A year ago, or even a few months ago, we probably couldn’t have imagined that a large majority of students in our educational system would be engaging in an entirely remote or a hybrid model of remote learning. More than ever, teachers and students are engaging in a digital world. For this very reason, it is more important than ever to model, practice, teach, and provide a safe environment for student to engage in digital citizenship.
Many students are digital natives, which means they were born into a world that embraces digital technology, and they engage in the use of many digital technologies on a daily basis. Our current PreK–12 students have only known a world where everyone communicates using mobile phones and connects with friends and family via social media applications, such as Facebook, Twitter, Snapchat, Instagram, and TikTok. The vast majority of the population has access to the internet at all times from a device in their pocket. What does this mean for our students, the world they engage in, and their future relationship with technology?
Our students are digital natives, but that does not make them naturally good digital citizens. Digital citizenship is something that needs to be learned. That said, the majority of today’s educators are digital immigrants. This means that many teachers were not born into a world that embraced and engaged in digital technology on a daily basis, but they have immigrated into this world over time. The depth to which they have immigrated varies widely. Whether a student or teacher is a digital native or immigrant, everyone has room to learn more and become better digital citizens.
To compound the situation, technology is changing and will continue to at a very rapid pace. We need to prepare ourselves and our students for these changes by helping them develop skills to thrive in college, careers, and life. We also know that digital citizenship is not a vaccine; it is not something you do once and then never have to worry about or practice again. Digital citizenship needs to be modeled, taught, integrated into content, and practiced over and over again.
To become good at something, it takes time and practice, and it also involves making mistakes along the way. We need to embrace a growth mindset around digital citizenship for ourselves and our students and provide a safe environment to engage in and practice being good digital citizens.
Where to Begin?
We should begin with identifying what digital citizenship is. Sounds easy, right? However, there’s not a single definition or understanding that is being used or adopted universally. Each district and school may have their own working version of digital citizenship. Most definitions are very similar, but it’s very important that you know and understand the definition that is provided by your school and district.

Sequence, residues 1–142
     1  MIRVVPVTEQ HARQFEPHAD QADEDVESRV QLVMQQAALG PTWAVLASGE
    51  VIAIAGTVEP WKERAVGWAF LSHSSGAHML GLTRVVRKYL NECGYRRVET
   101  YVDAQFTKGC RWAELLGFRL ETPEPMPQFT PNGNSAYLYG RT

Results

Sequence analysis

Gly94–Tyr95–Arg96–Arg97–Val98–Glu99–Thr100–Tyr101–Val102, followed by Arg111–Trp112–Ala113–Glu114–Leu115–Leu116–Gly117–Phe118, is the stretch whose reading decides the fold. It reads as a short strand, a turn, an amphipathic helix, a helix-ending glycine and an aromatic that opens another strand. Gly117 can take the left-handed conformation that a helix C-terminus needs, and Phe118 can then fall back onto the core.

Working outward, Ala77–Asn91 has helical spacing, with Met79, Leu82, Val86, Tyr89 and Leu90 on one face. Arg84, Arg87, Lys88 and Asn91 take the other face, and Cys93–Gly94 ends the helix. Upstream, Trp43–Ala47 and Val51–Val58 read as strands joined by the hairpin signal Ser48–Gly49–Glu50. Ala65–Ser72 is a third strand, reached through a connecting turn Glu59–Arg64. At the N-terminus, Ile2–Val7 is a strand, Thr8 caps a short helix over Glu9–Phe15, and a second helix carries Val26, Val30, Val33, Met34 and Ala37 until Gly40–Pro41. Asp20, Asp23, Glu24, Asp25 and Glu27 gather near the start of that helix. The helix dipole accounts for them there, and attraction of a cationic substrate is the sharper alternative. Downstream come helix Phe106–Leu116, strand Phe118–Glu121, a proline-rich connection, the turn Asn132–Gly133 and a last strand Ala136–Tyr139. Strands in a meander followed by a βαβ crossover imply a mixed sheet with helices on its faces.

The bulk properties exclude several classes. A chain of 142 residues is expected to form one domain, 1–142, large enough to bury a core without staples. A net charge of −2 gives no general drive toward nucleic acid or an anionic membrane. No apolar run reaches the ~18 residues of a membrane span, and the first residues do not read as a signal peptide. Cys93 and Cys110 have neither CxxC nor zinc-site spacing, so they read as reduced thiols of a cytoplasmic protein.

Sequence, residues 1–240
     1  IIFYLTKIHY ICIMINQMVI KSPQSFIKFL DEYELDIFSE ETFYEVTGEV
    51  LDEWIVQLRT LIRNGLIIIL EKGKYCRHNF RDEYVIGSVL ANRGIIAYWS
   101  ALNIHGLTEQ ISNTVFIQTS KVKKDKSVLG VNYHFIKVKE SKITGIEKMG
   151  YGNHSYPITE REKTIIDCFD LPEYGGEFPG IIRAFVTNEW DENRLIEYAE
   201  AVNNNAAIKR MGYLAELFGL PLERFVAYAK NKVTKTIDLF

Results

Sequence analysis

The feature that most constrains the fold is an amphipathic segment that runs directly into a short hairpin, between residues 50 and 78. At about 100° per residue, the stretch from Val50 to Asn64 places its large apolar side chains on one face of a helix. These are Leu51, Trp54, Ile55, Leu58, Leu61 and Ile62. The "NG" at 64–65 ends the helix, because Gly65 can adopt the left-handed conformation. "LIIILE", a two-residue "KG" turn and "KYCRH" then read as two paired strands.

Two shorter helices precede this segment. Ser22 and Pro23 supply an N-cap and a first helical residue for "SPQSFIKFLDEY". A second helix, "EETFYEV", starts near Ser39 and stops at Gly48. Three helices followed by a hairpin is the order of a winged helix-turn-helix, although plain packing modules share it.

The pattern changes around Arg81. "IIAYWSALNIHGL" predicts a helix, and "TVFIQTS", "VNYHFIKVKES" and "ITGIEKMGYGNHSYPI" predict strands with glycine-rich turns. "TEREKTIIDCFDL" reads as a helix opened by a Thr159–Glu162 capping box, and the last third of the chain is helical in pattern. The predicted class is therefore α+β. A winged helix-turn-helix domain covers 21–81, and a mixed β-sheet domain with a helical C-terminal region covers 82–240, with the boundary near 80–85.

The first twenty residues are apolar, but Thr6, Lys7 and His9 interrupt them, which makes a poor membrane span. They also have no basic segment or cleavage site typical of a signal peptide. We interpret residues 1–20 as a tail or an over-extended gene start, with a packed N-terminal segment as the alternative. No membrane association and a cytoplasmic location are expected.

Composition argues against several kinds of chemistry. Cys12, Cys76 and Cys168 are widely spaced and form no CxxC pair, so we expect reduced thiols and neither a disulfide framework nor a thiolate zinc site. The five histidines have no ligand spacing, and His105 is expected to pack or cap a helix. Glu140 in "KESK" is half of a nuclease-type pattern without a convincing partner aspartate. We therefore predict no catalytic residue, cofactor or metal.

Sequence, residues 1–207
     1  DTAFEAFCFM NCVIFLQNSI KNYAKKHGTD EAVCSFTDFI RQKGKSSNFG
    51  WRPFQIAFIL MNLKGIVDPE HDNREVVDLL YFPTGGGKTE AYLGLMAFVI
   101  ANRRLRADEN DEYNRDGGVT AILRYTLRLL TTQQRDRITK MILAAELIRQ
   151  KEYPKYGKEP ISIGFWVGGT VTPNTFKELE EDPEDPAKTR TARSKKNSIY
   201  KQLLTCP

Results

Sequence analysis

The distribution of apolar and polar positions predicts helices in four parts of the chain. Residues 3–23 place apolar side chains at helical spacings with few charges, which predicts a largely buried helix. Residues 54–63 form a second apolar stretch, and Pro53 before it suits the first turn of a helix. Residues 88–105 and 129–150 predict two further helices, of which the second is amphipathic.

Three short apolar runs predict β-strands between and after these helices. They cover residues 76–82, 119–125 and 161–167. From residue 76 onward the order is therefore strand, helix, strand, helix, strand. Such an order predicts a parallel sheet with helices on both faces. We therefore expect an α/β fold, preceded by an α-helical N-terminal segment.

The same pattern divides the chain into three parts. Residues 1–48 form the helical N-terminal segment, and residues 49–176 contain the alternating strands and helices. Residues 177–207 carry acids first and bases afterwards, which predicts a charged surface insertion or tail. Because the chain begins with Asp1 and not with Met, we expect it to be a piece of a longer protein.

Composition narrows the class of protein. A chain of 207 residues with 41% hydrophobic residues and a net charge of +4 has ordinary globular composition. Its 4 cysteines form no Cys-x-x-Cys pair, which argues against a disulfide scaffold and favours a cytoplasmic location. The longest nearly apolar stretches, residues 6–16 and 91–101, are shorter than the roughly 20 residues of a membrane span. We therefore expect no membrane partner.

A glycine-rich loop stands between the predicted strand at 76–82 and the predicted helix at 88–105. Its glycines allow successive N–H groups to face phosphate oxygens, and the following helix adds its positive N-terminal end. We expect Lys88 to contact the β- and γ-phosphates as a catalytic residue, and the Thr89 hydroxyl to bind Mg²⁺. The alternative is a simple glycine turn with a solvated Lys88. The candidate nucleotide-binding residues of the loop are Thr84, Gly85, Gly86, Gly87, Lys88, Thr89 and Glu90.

According to the ISTE Standards for Students, students who are digital citizens should “recognize the rights, responsibilities and opportunities of living, learning and working in an interconnected digital world, and they act and model in ways that are safe, legal and ethical.” Common Sense Education defines digital citizenship as a way of thinking, being, and acting online: Thinking critically, being safe, and acting responsibly.
Many districts have policies in place that address digital citizenship. One common practice is to have a responsible use policy (RUP). In fact, a number of districts have shifted away from the term acceptable usage policy (AUP) and moved to RUP. This transition highlights the idea that a student should be treated as a person who is responsible for their own ethical and appropriate behavior, rather than just provided a list of things they shouldn’t do online. These policies have helped to move away from a culture of compliance and move toward one that empowers students and better prepares them to make responsible choices as they continue on their college and career path. RUPs help set the stage for supporting teachers and students to engage in positive and empowering digital experiences. If your district has such a policy, you should make sure to read it, understand it, and share it with your students and families.
Once you know how digital citizenship is defined in your district, it is important to make sure that your students and families also understand what digital citizenship is and what it means to be a good digital citizen. In the coming weeks, we will share additional information, strategies, and tips to build digital citizenship awareness and practices for you, your students, and your broader online communities.
Extend Your Learning
- Essential Digital Citizenship Lessons for the Coronavirus Pandemic (Common Sense Education)
- Ways to Boost Digital Citizenship During Remote Learning (EdTech: Focus on K–12)
- Digital Citizenship and Distance Learning (LearnSafe)